Mileage Labels Confusing, Survey Says

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The recently proposed new car stickers from the EPA are confusing to most potential car shoppers, according to a survey. The vertical sticker with the letter grade was found more confusing than the horizontal one.

According to the survey conducted by global branding firm Siegel and Gale, 46.8% found the vertical label confusing while 37.7% found the new horizontal label confusing. Sixty-six percent of respondents preferred the horizontal label to the vertical, coming in at 34%. (Schoolteachers might make up a large chunk of that 34%.) The survey involved 456 people who are older than 18 and who intend to buy a car in the next three years.

The study found multiple times that the most important figure to buyers was the overall mileage and the cost per year. Respondents were generally clear on these figures.

Much of the confusion centered around how new types of hybrid and electric vehicles were represented.

But a surprising 74% knew why a gas-electric hybrid like the Chevy Volt had two different gas mileage ratings on the horizontal label. That compares with only 54% who understood the giant letter grade on the vertical sticker — meaning an A rating indicated better-than-average fuel economy.

In fact, when looking at the vertical sticker with the letter grade, 62% of respondents believed any type of vehicle could get an A grade, when actually only electric, gas-electric and other alternative-fuel types can secure an A-plus, A or A-minus. The highest a gasoline car can get is a B-plus.

The letter grades would make an impact on a shopping decision if it were a B-minus or lower, the study found. This equaled 91% of potential shoppers and would make anyone in the car-selling business blanch.

The study even broke down political affiliations. Republicans favored the horizontal label more than Democrats, 71% versus 63%.

A few quotes from respondents are below. Let us know what you think in the comments as always.

  • “I think everything necessary was on the label.”
  • “I can’t think of anything being left out.”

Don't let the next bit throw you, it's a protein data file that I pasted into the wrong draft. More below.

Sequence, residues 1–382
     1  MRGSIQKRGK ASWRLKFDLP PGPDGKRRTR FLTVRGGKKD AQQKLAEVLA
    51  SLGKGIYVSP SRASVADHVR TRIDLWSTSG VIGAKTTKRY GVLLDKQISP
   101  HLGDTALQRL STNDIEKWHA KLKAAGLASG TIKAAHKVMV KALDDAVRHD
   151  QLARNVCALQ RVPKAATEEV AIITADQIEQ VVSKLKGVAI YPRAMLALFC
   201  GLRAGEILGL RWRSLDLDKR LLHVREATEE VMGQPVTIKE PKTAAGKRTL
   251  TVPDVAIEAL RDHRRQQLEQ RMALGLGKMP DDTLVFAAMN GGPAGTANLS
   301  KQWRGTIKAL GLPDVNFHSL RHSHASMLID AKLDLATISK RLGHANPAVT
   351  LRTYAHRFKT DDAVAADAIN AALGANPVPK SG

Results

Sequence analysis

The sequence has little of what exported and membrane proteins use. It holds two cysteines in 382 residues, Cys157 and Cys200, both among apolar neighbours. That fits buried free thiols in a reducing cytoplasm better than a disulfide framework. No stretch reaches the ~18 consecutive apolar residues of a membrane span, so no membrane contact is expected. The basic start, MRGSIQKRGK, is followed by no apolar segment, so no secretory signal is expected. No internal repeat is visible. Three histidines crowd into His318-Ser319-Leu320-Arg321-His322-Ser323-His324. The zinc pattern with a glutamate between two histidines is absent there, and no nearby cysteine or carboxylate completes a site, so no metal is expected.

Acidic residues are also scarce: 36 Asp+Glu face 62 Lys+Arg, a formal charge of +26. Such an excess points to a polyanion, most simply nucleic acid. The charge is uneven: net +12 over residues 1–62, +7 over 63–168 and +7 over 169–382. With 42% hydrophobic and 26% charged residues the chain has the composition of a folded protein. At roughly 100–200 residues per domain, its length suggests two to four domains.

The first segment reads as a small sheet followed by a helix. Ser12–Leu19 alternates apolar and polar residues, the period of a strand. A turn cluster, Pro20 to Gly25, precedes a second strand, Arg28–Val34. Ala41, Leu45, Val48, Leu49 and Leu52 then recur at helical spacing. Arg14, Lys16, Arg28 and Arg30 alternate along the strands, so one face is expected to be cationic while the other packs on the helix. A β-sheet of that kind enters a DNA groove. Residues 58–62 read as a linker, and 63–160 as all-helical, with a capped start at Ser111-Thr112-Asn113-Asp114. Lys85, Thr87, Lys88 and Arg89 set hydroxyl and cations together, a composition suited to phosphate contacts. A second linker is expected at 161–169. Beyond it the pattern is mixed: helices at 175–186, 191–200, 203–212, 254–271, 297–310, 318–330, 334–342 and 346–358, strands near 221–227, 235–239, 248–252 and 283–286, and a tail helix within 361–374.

• “The level of pollutants is confusing when comparing that with the rank among all other vehicles in the category…it is not clearly defined in the text below.”
  • “I would want to know how the testing is conducted. Was the vehicle full of people and luggage, empty, full of fuel? What are the testing parameters?”
  • “Just give the MPG and leave out the P.C. non-important information.”
  • “The simpler, the better for me. I don’t want to be overwhelmed with numbers.”
  • “I also like the letter grade system and I think that could be put on the label along with the MPG ratings. Then you could have a little chart saying how you arrive at the letter grade. That explanation would help a lot.”
  • “I still need to view estimated total annual operating costs; not focus on fuel exclusively.”
  • “Not all people are going to be able to understand the information on these labels.
  • They need to be in more layman’s terms. Although this is important information, I still feel safety is the number one concern.”
  • “ A key should be included at the bottom that explains the abbreviations.”
  • “I think the ultimate label should have both the MPG combined scale and the grading scale of A+ through D. I found both very useful and am disappointed that both features are not on both label options.”
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Former managing editor David Thomas has a thing for wagons and owns a 2010 Subaru Outback and a 2005 Volkswagen Passat wagon. Email David Thomas

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